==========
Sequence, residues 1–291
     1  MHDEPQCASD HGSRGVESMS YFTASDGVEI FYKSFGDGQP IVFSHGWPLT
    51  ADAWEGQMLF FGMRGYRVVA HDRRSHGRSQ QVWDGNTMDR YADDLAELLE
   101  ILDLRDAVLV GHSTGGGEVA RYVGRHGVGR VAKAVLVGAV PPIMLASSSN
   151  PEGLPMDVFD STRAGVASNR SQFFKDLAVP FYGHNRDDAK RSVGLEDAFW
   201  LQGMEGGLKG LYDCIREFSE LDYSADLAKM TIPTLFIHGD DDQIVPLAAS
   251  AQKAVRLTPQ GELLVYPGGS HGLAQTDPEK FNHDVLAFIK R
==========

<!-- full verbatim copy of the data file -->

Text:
Sequence, residues 1–291
     1  MHDEPQCASD HGSRGVESMS YFTASDGVEI FYKSFGDGQP IVFSHGWPLT
    51  ADAWEGQMLF FGMRGYRVVA HDRRSHGRSQ QVWDGNTMDR YADDLAELLE
   101  ILDLRDAVLV GHSTGGGEVA RYVGRHGVGR VAKAVLVGAV PPIMLASSSN
   151  PEGLPMDVFD STRAGVASNR SQFFKDLAVP FYGHNRDDAK RSVGLEDAFW
   201  LQGMEGGLKG LYDCIREFSE LDYSADLAKM TIPTLFIHGD DDQIVPLAAS
   251  AQKAVRLTPQ GELLVYPGGS HGLAQTDPEK FNHDVLAFIK R